Capital Markets Bulletin: The SEC Announces Settlements with Public Companies and Certain Insiders for Violating Laws Requiring Beneficial Ownership and Transaction Reports

September 16, 2014

On September 10, 2014, the U.S. Securities and Exchange Commission (the “SEC”) announced settlements with six publicly-traded companies, twelve individuals who were officers and directors of public companies, five individuals who were beneficial owners of publicly-traded companies, and ten investment advisory firms in connection with their failure to make timely filings as required by the beneficial ownership reporting requirements of Section 13(d) and Section 16 of the Securities Exchange Act of 1934, as amended (the “Exchange Act”).1

Penalties for the violations ranged from $75,000 to $150,000 for the public companies and $25,000 to $100,000 for the individuals.2 The SEC also stated that its Division of Enforcement will litigate before an administrative law judge separate charges against a vice president of a publicly-traded company who allegedly failed to report his sales of more than 165,000 shares of his company’s stock with a market value of more than $1 million.

The SEC issued a separate press release announcing that it reached a combined $550,000 settlement with Advanced Cell Technology (“ACT”) and its former Chief Executive Officer, who allegedly defrauded investors by not reporting his sales of ACT stock for over two years.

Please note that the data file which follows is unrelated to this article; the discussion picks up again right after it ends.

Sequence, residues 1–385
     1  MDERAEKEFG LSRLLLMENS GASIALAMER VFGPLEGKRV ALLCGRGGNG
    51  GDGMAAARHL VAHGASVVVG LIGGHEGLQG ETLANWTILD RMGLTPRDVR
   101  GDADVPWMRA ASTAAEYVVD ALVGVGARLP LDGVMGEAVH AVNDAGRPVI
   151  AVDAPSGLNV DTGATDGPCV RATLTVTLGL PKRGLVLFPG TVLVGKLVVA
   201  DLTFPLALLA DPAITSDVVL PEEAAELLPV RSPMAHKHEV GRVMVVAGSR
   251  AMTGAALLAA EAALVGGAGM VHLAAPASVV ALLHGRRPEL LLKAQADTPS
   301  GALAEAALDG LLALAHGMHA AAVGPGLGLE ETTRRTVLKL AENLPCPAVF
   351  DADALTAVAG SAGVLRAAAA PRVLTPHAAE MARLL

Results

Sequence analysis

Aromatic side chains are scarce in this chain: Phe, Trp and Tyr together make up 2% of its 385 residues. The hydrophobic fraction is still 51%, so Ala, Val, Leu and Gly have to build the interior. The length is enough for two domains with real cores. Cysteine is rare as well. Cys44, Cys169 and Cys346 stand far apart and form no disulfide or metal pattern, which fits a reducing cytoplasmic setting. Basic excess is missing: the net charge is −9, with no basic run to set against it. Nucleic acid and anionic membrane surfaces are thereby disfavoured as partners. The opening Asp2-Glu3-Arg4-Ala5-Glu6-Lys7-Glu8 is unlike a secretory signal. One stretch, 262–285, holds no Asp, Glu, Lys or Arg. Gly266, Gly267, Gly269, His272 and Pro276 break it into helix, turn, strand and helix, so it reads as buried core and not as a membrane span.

If you have any questions regarding the information discussed above, please contact your Capital Markets Group attorney at Seward & Kissel LLP.


1 Section 13(d) of the Exchange Act and the rules promulgated thereunder require a person or entity (or group of persons and/or entities acting together) that directly or indirectly acquires beneficial ownership of more than 5% of any voting class of equity security registered under Section 12 of the Exchange Act to publicly file a statement with the SEC on Schedule 13D or Schedule 13G to disclose certain information relating to its beneficial ownership. Section 16 of the Exchange Act and the rules promulgated thereunder require a person who is a director, officer, or beneficial owner of more than 10% of any class of a domestic issuer’s (i.e., not a “foreign private issuer” as defined in the Exchange Act) equity securities to report its ownership and transactions in such equity securities on Forms 3 and 4; and subjects such reporting person to disgorgement of short-swing profits realized by such person from any (i) purchase and sale, or (ii) sale and purchase, of such equity securities within a period of less than six months.

2 Penalties for the investment advisory firms ranged from $60,000 to $120,000.